The entire point of this movie is that it is a reversal of common action movie tropes.
Throughout the movie, Jack, who is supposedly the hero (and who certainly thinks he is), is consistently upstaged by Wang, ostensibly the "sidekick". He is pulled along by the momentum of the story, never really understanding what's going on, never truly in control, and so he bumbles his way through fights and is just generally a step behind everyone else.
Apart from his Crowning Moment of Awesome against Lo-Pan ("it's all in the reflexes"), he never really accomplishes anything in the movie without someone else's help. It's actually an acceptance of this that allows this moment to happen. After missing the first throw and realizing that he's pretty much screwed everything up, Jack stops trying to be the star and decides to let things play out as they must. He looks at his fate, shrugs, and says, "What the hell."
The last scene is also a reversal. Jack offers to give up the open road for Gracie, where in most westerns, it's usually the woman who tries to tame the wild cowboy drifter and stop his wandering. Gracie turns down the offer and counters that she could come with him, which Jack finds tempting, but in the end, he refuses as well because he knows that these sorts of 'happily ever after' stories probably don't work in the long run.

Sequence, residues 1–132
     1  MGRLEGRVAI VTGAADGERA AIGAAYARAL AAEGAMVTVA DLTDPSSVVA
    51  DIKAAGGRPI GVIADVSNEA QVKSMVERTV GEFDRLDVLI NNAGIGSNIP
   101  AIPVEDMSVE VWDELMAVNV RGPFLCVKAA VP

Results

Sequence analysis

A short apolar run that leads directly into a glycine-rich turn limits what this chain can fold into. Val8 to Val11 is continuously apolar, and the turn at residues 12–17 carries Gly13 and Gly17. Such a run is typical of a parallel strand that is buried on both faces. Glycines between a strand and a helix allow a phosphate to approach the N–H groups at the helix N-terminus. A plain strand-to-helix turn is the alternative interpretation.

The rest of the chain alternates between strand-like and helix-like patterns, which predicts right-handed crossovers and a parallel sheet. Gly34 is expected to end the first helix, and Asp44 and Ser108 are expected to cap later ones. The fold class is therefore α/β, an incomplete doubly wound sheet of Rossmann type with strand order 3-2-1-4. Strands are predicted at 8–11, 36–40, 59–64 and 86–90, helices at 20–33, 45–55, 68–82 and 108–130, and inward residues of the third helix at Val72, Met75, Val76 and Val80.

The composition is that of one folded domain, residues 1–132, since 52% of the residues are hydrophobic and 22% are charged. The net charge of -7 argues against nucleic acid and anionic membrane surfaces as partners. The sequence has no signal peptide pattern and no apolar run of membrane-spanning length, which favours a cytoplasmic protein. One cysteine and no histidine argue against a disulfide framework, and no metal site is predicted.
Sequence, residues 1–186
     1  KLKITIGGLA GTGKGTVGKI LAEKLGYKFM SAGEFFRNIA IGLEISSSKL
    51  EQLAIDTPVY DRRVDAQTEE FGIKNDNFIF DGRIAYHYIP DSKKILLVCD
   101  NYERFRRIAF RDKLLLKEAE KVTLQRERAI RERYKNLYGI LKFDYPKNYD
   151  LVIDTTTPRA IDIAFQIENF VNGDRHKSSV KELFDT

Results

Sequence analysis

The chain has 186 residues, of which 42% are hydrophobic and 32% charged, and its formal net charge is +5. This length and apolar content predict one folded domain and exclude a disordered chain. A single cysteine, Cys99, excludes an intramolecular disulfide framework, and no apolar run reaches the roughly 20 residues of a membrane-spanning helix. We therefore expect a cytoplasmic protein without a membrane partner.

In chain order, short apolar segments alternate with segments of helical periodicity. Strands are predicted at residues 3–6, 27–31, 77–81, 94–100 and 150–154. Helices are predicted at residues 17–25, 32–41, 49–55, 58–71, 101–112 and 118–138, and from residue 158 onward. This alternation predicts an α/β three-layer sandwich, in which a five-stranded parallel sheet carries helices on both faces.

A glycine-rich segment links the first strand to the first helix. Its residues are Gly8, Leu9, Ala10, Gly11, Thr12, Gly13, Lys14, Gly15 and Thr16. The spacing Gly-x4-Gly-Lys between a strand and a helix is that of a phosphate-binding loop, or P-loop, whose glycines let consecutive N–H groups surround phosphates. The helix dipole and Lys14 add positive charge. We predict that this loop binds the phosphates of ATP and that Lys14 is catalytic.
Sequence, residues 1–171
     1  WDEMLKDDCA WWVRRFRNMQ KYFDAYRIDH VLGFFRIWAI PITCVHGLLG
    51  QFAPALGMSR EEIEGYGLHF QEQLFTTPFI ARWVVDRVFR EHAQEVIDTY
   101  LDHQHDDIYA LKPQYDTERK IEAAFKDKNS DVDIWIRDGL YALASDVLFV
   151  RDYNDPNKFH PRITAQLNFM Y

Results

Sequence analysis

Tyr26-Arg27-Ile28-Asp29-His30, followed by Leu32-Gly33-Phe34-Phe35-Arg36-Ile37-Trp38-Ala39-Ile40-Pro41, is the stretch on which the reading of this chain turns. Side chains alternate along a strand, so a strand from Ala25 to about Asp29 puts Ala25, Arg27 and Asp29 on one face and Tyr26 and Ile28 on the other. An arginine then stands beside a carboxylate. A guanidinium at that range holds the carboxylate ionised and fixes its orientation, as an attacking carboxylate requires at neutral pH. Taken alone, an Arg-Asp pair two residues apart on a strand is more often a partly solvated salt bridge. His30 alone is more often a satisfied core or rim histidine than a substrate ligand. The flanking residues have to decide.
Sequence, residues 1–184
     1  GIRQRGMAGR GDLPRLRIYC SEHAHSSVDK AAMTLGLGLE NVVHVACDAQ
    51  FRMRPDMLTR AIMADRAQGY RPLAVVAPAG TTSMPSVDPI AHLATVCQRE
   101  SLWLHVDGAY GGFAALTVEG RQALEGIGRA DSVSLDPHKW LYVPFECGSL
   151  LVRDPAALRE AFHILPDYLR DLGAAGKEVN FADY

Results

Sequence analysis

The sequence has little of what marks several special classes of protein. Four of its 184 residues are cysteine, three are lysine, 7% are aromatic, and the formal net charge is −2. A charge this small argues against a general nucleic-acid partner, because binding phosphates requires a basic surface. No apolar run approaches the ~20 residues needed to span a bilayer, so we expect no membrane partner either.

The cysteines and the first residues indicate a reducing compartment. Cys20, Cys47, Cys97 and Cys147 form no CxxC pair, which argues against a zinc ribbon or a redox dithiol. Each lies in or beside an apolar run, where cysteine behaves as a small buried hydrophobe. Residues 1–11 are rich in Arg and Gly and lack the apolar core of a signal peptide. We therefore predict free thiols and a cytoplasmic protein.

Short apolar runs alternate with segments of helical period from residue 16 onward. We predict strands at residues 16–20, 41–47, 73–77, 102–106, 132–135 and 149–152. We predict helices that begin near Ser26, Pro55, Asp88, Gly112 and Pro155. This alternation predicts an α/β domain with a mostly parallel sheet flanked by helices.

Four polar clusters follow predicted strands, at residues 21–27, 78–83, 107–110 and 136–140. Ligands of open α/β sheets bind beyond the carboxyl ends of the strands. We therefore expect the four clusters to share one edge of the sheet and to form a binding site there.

He also knows he's not relationship material, and he cares for Gracie too much to subject her to that. He prefers to hurt her a little now instead of hurting her a lot later. Refusing the last kiss is part of that. It's a promise that he doesn't want to make to her, right up to the "See you round"/"Never can tell" exchange.